As you explore the realm of H2 Chemistry and if you compare Sec 4 vs JC Chemistry, you may realise that some things you learn are in direct contradiction to what you have learnt in the past. It is important to recognise that Chemistry is built on models established by the rigorous scientific method. What we know now is not fact, but simply theories backed up by experimentation and evidence. As such, as we pursue higher levels of Chemistry, we must often unlearn and relearn. There are some key differences between secondary school Chemistry and H2 Chemistry. This post will aim to bring them to your attention.
When writing electronic configuration, in secondary school you learnt to write it in the 2.8.8 way. Whereas in JC, you will learn about the spdf system and the possibility of expanding octet configuration! You will also find out about Hund’s Rule (electrons are added to orbitals of the same energy level singly first and in parallel spins until pairing occurs), Pauli’s Exclusion Principle (the two electrons in the same orbital must have opposite spins) and the Aufbau Principle (electrons fill orbitals of lowest energy levels first).
Also, when drawing dot-and-cross diagrams, you don’t have to include the circle anymore!
You learnt in secondary school that acids dissociate in water to give H+ whereas bases dissociate in water to give OH–. In JC, you will discover that it isn’t the full picture. That is only the Arrhenius theory! You will also learn about Bronsted-Lowry (proton acceptor/donor) and Lewis (lone pair acceptor/donor) acids and bases!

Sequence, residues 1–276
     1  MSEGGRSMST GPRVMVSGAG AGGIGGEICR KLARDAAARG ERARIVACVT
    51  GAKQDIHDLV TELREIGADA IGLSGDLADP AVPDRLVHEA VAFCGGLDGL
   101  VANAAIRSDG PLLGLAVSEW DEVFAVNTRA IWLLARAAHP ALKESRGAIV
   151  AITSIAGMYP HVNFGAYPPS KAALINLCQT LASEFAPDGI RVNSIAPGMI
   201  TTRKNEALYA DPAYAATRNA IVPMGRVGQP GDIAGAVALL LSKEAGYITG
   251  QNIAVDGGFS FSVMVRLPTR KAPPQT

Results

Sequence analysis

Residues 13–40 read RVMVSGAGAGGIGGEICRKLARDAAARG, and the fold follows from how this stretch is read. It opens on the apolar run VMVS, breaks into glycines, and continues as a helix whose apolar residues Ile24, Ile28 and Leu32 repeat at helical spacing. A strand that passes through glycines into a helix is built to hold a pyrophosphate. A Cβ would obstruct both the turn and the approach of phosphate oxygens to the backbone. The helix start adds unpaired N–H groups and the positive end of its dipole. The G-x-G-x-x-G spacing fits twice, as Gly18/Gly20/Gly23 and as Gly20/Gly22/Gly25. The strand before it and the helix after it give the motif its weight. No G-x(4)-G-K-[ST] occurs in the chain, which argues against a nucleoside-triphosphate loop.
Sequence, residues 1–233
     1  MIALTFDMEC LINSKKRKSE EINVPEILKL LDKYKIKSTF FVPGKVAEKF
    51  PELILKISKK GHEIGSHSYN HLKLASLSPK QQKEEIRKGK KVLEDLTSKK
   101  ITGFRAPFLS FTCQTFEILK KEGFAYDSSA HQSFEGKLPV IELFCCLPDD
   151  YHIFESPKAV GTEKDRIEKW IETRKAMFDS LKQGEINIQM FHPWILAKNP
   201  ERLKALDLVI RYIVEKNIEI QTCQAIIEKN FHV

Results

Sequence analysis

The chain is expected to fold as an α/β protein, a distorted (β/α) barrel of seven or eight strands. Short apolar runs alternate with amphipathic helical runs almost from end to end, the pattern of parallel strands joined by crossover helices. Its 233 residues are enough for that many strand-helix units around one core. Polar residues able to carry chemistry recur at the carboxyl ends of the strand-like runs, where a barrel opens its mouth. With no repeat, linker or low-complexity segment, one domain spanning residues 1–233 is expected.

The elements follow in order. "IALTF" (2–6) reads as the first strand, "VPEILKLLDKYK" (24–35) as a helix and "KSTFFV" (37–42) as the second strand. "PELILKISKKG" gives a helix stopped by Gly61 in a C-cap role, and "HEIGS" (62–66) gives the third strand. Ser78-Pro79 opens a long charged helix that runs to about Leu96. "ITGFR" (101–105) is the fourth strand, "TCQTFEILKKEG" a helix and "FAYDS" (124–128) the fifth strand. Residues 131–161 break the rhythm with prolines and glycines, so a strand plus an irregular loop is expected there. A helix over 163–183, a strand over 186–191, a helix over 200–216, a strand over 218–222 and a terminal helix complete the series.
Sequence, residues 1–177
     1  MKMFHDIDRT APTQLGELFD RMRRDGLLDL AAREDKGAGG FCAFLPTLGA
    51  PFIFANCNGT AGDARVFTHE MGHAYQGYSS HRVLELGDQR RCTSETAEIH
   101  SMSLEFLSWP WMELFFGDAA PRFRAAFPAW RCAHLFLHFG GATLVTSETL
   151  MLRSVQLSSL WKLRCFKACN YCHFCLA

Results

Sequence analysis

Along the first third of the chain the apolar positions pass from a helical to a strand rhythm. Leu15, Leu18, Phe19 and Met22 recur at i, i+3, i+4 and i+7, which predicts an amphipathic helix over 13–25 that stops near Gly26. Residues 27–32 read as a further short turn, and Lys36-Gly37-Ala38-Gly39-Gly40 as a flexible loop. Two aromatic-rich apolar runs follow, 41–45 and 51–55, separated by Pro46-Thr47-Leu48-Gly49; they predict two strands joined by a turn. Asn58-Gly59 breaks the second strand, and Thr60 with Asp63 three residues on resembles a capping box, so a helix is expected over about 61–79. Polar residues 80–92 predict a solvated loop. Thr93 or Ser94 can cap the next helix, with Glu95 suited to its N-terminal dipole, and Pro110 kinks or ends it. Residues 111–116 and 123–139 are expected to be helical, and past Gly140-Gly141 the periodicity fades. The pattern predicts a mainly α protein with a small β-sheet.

Also, acids and bases do not simply dissociate to form H+. Instead, we need to add water to form the hydronium ion H3O+. For example:
HA + H2O → H3O+ + A–
In secondary school, you learnt that ionic bonds exist between metal and non-metals, while covalent bonds exist between non-metals and non-metals.
However, in JC you will learn that covalent bonds can exist between metals and non-metals (AlCl3)! Al3+ has a large positive charge and small cation size. Thus, Al3+ will have a high charge density and a high polarising power. Al3+ polarises the electron cloud of Cl– to a greater extent, resulting in electron sharing in AlCl3! In fact, you will realise that bonds are not a dichotomy of either ionic or covalent, but a spectrum, with the possibility of covalent bonds with ionic character and ionic bonds with covalent character.
It’s time to let go of your past notions of Chemistry and move on to embrace a more comprehensive understanding of Chemistry. All the best!